“The Bhagavad-gita, one of the great spiritual texts, is not as yet a common part of our cultural milieu. This is probably less because it is alien per se than because we have lacked just the kind of close interpretative commentary upon it that Swami Bhaktivedanta has here provided, a commentary written from not only a scholar’s but a practitioner’s, a dedicated lifelong devotee’s point of view.”

    Denise Levertov, Poet

    “The increasing numbers of Western readers interested in classical Vedic thought have been done a service by Swami Bhaktivedanta. By bringing us a new and living interpretation of a text already known to many, he has increased our understanding manyfold.”

    Dr. Edward C Dimock, Jr. Department of South Asian Languages and Civilization University of Chicago

    “The scholarly world is again indebted to A. C. Bhaktivedanta Swami Prabhupada. Although Bhagavad-gita has been translated many times, Prabhupada adds a translation of singular importance with his commentary.”

    Dr. J. Stillson Judah, Professor of the History of Religions and Director of Libraries Graduate Theological Union, Berkeley, California

    “Srila Prabhupada’s edition thus fills a sensitive gap in France, where many hope to become familiar with traditional Indian thought, beyond the commercial East-West hodgepodge that has arisen since the time Europeans first penetrated India.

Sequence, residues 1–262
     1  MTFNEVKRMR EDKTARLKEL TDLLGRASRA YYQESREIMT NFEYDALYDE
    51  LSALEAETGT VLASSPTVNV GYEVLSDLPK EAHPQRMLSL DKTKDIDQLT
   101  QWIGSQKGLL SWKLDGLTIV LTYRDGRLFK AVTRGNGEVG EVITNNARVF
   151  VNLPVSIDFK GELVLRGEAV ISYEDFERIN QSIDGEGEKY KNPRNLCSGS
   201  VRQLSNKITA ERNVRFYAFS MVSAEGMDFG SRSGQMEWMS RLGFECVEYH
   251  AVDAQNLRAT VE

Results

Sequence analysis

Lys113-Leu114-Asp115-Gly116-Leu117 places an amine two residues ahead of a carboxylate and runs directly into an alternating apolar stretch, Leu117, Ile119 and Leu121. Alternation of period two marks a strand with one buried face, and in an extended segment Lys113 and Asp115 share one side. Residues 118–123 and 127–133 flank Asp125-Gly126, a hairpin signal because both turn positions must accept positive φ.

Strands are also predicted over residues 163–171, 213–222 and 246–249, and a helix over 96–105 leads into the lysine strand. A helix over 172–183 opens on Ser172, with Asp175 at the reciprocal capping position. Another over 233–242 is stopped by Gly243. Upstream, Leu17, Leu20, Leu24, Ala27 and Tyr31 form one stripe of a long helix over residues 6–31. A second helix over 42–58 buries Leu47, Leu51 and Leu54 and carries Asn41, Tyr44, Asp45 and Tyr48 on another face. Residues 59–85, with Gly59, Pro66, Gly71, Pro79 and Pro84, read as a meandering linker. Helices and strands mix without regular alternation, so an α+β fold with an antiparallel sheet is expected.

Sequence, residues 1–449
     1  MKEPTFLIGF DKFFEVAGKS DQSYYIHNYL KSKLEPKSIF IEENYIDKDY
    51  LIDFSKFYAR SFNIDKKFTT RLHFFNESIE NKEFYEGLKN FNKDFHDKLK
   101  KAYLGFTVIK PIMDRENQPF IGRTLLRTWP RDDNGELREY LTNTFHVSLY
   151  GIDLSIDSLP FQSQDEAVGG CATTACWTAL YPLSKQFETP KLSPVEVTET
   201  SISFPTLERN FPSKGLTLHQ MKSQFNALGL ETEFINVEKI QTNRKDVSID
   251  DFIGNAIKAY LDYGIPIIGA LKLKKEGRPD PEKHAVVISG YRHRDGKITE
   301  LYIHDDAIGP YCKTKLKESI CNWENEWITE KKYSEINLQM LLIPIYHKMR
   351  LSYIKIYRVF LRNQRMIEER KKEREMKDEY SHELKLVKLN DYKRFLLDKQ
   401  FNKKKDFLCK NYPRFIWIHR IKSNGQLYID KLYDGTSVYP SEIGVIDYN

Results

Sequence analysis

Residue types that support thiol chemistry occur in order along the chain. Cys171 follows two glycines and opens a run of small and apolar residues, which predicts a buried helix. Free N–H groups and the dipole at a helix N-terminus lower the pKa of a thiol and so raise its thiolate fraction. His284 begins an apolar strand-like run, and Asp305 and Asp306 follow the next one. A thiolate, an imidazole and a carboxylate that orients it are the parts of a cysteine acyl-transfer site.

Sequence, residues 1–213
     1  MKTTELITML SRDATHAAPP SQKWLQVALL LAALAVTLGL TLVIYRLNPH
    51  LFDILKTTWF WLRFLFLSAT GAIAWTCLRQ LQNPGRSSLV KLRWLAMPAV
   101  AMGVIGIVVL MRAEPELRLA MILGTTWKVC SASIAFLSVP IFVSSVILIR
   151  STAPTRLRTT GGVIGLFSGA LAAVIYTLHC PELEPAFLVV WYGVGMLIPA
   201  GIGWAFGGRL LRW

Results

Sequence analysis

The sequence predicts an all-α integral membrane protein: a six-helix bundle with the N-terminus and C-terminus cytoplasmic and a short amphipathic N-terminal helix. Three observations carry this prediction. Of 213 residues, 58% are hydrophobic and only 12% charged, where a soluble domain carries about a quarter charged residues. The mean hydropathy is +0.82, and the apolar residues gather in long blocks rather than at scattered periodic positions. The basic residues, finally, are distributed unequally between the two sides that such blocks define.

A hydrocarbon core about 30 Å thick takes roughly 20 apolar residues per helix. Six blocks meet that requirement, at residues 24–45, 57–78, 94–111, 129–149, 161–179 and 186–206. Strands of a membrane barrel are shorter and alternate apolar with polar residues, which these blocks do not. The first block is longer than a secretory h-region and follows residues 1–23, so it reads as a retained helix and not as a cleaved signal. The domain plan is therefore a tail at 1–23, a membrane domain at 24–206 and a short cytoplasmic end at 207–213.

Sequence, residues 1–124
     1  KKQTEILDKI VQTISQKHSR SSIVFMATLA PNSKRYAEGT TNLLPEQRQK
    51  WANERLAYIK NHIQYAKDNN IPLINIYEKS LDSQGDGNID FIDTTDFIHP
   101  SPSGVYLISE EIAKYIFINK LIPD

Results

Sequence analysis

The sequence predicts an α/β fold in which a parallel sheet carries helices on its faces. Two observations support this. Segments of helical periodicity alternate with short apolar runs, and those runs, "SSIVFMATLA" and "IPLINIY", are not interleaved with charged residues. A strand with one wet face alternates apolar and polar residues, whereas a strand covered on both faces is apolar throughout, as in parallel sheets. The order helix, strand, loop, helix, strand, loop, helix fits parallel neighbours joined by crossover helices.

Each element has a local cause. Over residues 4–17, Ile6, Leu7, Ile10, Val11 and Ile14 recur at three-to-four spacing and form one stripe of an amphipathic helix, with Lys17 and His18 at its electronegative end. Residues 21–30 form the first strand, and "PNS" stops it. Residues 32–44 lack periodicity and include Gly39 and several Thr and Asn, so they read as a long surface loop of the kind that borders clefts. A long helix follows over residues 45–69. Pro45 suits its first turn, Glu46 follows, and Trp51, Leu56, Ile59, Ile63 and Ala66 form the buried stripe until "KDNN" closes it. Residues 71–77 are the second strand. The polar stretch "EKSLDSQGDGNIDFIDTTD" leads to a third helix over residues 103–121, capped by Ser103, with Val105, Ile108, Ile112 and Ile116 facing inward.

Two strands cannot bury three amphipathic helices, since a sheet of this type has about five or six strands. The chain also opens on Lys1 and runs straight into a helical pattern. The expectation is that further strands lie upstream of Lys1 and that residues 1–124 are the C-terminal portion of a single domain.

“Whether the reader be an adept of Indian spiritualism or not, a reading of the Bhagavad-gita As It Is will be extremely profitable. For many this will be the first contact with the true India, the ancient India, the eternal India.”

    Francois Chenique, Professor of Religious Sciences Institute of Political Studies, Paris, France

    “As a native of India now living in the West, it has given me much grief to see so many of my fellow countrymen coming to the West in the role of gurus and spiritual leaders. For this reason, I am very excited to see the publication of Bhagavad-gita As It Is by Sri A.C. Bhaktivedanta Swami Prabhupada. It will help to stop the terrible cheating of false and unauthorized ‘gurus’ and ‘yogis’ and will give an opportunity to all people to understand the actual meaning of Oriental culture.”

    Dr. Kailash Vajpeye, Director of Indian Studies Center for Oriental Studies, The University of Mexico

    “It is a deeply felt, powerfully conceived and beautifully explained work. I don’t know whether to praise more this translation of the Bhagavad-gita, its daring method of explanation, or the endless fertility of its ideas. I have never seen any other work on the Gita with such an important voice and style. . . . It will occupy a significant place in the intellectual and ethical life of modern man for a long time to come.”

    Dr. Shaligram Shukla Professor of Linguistics, Georgetown University